Wednesday, October 17, 2012

Hugelkultur in a Swale with Lasagna on top Rain garden

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The front bed of our house needed a major revamping.  It was completely overgrown with grass, alfalfa, and field bindweed among other things.  We pulled out some over sized burning bushes, which left the terrain uneven.  The soil is heavy with clay and has lots of rocks.  To make matters worse, the base of the ill advised concrete porch that some genius poured up against the foundation of our 160 year old house was uncovered and even undermined at points.
The design I came up with is an amalgamation of several techniques I have either tried or read about.  The goals are to collect and store water in the bed while diverting it away from the house.  We also want to smother the weeds and build a healthy productive bed, that eventually will be a mixed garden of flowers herbs and vegetables.

If you can read my scrawl, this drawing gives a cross section of the design.

I used a string level to even the grade on top, near the porch, and I cut a curvy but level swale into the ground.  I tamped and filled the slope up to the porch to a nice even grade away from the porch with the clay I dug.   All the decent looking black dirt I pulled out went to the other side of the house into a small terrace where Nikki's serviceberry is now.




I got the rough level from the string.  Spraying a little water over everything helped with compacting the slope.  The water pooled in the swale revealing the low spots.  Once it dried again, it was easy to see where I needed to scrape out soil to get a perfectly level bottom.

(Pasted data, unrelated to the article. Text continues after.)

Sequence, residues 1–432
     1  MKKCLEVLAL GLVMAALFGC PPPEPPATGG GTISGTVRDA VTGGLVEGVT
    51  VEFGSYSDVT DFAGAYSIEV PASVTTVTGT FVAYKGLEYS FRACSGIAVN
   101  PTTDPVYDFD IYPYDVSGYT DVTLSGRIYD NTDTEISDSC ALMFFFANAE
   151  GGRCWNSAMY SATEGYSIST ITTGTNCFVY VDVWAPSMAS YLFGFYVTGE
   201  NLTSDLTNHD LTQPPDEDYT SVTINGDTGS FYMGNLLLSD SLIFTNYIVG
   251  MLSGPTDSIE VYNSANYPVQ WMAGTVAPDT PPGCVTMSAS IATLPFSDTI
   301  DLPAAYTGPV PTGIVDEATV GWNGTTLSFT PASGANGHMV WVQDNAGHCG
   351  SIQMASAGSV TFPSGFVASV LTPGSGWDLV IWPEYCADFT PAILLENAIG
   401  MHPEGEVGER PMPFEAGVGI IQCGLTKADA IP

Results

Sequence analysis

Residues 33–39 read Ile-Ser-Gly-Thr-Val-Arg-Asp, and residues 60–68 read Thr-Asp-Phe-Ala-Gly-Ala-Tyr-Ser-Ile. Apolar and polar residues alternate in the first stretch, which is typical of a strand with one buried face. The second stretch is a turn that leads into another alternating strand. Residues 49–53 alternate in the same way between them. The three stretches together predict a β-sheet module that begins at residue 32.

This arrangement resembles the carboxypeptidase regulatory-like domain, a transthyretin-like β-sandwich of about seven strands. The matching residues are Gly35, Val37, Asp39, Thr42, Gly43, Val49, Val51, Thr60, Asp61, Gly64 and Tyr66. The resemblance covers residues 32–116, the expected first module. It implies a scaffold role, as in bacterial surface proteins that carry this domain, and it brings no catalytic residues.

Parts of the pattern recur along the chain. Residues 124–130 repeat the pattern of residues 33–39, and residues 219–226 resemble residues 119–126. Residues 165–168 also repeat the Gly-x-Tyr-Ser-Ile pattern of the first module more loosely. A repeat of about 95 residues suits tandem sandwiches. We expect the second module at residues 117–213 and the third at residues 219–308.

Nikki is weeding the hens and chicks while I install the kill layer.


It's Hugelkultur time!

Our neighbor gave us some old burlap sacks that I cut open and layed out in the swale so the logs wouldn't puncture the wet cardboard and newspaper.  The burlap formed nicely to the swale edge.  The open part at this end overflows onto a flat part of the driveway that I'm hoping will be effective as a level spillway.



No need for a gym membership when you've got a shovel and a wheel barrow! 

After the logs were in place I covered everything with some slightly aged wood chips. Above that the layers are just compost from bins I started this spring. They were only half broken down, but had heated up nicely when I first filled the bins.  The bulk of the material is just wood chips mixed with coffee grounds, so I plan to cut leaf mulch from dynamic accumulators such as comfrey and yarrow after planting this Spring.  This should help add minor nutrients that may be lacking from my compost.

I set large stones with flat tops on top of the swale edge and filled in on either side of them with compost leaving the flats exposed for stepping stones.

I finally tuck pointed the porch foundation, so I can finish the West side of the bed.

Here it is after a little grading, a layer of cardboard, some logs, and layers of mulch and compost.

A little crumbles and some Gardeners Delight cherry tomatoes was all it took to convince the chickens to till the mulch and fertilize for me!

One of my goals for next Spring is to install some Rain barrels over by the remaining burning bush that can be used to irrigate this area, as well as the 2'x6' box next to it.

In the early Spring we will get a pickup load of mushroom compost from River Valley Ranch and top off the bed.  Then its ready for planting.

This is my first attempt at several different design ideas, so wish me luck! 

I'm calling it my Hugelkultur in a Swale with Lasagna on top Rain Garden.  The neighbors probably think I'm crazy, and it's entirely possible that they are right.


  1. Really great! I am doing similar things in my yard... It won't look like hugelkulture but it will be, with the tidiness of raise beds.

  2. Thanks! I am really looking forward to Spring so I can see if it actually works.

  3. Do you have updates on this bed?